Monday, June 21, 2010

Species of Langkawi's Poachers

With the increasing number of poachers in Langkawi, I can now categorise them into three species:



JUST FOR FUN (SMALL TIME) KEH LEY FAY POACHERS
These locals were seen waiting to trap birds in the mangroves. They came by long boats especially at high tide when their boats can access further inside. When they walked out carrying covered small cages, you can tell what they were doing. 

These are just some youngsters who have nothing else better to do on their weekends.



Do you notice the small cages on the ground?

The picture above shows the locals were out of the forest with the cages. The types of birds these locals usually trap are the Oriental Magpie Robins (Copsychus saularis), White Rumped Shama (Copsychus malabaricus),  Bulbuls (Pycnonotus sp.) and Hill Mynas (Gracula religiosa)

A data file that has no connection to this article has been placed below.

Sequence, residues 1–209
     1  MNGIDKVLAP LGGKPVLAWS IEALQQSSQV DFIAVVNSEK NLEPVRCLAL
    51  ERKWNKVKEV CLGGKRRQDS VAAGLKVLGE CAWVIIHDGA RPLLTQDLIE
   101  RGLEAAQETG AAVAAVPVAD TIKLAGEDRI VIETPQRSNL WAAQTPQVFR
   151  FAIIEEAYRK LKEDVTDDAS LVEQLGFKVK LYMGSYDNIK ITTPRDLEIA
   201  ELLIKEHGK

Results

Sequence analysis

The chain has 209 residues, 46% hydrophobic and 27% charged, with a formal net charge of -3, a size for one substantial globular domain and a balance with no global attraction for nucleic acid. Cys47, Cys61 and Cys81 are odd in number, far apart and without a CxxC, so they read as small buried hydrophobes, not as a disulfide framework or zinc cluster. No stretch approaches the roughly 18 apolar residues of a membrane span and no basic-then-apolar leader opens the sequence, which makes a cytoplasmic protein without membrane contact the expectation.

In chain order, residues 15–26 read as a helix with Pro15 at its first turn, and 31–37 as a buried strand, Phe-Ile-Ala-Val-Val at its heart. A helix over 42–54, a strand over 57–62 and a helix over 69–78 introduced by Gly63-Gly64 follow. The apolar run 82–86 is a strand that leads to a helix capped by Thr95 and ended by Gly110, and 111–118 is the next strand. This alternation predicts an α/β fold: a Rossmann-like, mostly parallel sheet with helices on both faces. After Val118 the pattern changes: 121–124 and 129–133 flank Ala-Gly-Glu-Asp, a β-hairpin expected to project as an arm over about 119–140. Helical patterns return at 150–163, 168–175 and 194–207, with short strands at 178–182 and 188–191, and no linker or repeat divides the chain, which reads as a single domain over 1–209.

AMATEUR (MID RANGE) POACHERS

This anchovies (ikan bilis) purse seiner was spotted harvesting marine life too close to the shore. All purse seiners must do their catch at least 5km away from the coast or shore.



Their modus operandi were usually during the neap tide period. On days like that, we don't see the enforcers from Marine or even the Jabatan Perikanan (Fisheries Department).

PROFESSIONALS (BIG TIME) POACHERS




They are mysterious. They came by day or night. They acted quietly and their action is huge. They could be one of the big stake players involved in Langkawi's tourism industry. They may be the one talking to the public on their love for the rainforest and looking after the community. These are the Destructive ones. Even the lawmakers and enforcers would bow down and kowtow to them. 

3 comments:

  1. Good point. After all, we do know that these big timers are the ones with the money, resources and connections to pay others to do their dirty jobs and to keep tongues from wagging! And they do have decent businesses aside for their covers...
    M

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  2. wendy - we saw a chap with a wild bird as bait in a trap at p.tenkorak. he hung the cage in a tree, with the bird in a compartment at one end, the other end was a trap. when he realised we were watching, he took the cage down and went away.

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